Saturday, April 2, 2011

Conversations No One Should Have With Other Human Beings

On Thursday, October 14, 2010, we traveled to the reproductive specialist that would hopefully knock me up.  After just a few moments in the waiting room, we were taken to the doctor's office where he introduced himself and the medical student that sat in the back of the room during the entire visit.  Our Doc looks a little like Larry King with a big forehead and glasses, so I'll call him Dr. Larry from now on.

He began reviewing all the paperwork and options with us that Dr. Mr. Clean had shared with us several weeks ago.  Then he started firing questions our way - questions that made us get personal very quickly.  He wanted to know how often we had sex and if either of us had any complications with the act.  I don't normally talk about quantity with anyone.  I am a female in my 30s, which is equivalent to a boy in his late teens, so you figure it out...  We sort of looked at each other awkwardly and tried to answer his questions.  I felt like we were in front of the preacher at pre-marital counseling.  Is this the answer that will get us in the least amount of trouble?  Not only were we sharing all this info with one Doc, who up until about 10 minutes ago was a stranger, but we also had a cute little med student sitting behind us taking notes.  I wasn't sure if I should turn around to see if she was accurately getting all the details of my sex life in her notes.  Did you get that?

Dr. Larry did suggest using donor sperm or donor embryos if my husband didn't wish to have surgery, thus saving us several thousand dollars, but Hubby quickly dismissed that idea.  We had already talked about that in great detail before coming to Dr. Larry, and had agreed that this was just not an option for us.  Can you imagine having to ask your Hubby, "Do you want to us to use a donor sperm if you don't have any?"  Hubby said that he wouldn't like having a child that was one of ours, biologically, and not the other's.  I felt like that was completely fair because I know I would have a hard time if it were the other way around.  Besides, I wanted to have a child with him.  We told Dr. Larry that we'd like to try the IVF with ICSI.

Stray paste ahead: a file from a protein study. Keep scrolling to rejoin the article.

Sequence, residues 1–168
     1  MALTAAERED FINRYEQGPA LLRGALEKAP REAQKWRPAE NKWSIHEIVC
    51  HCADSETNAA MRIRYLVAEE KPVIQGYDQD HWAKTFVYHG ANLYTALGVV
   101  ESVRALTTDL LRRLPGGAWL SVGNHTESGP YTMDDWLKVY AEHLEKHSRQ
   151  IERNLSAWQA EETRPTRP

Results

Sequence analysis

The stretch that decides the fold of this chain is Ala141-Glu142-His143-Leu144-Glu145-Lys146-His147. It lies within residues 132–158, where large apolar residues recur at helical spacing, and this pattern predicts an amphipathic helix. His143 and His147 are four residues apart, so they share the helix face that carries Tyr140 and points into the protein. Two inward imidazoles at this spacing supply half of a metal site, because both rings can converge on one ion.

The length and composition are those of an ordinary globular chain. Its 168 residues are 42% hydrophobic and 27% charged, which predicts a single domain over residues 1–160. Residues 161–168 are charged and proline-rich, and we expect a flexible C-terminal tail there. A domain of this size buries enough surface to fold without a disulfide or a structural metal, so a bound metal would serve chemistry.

Then we had to have the conversation that you never think you'll have to have with another human being.  What if we have embryos left over - you know, like last night's lasagna?  My Hubby and I both believe that once the sperm and egg are united, that constitutes a life and neither of us could justify discarding embryos.  Dr. Larry stated that it's a very clear process as to how they develop, and within several days, they will very clearly be deemed viable or not.  Like a miscarriage in a dish?  If we were lucky enough to have extra embryos and they were viable, we agreed that we'd have them frozen to try another time.  Babies on ice?  We agreed that whatever God gave us as viable, we'd have to resolve to use them in the future no matter what happens this time around.  Dr. Larry's ability to give us details about the process put my fears to rest.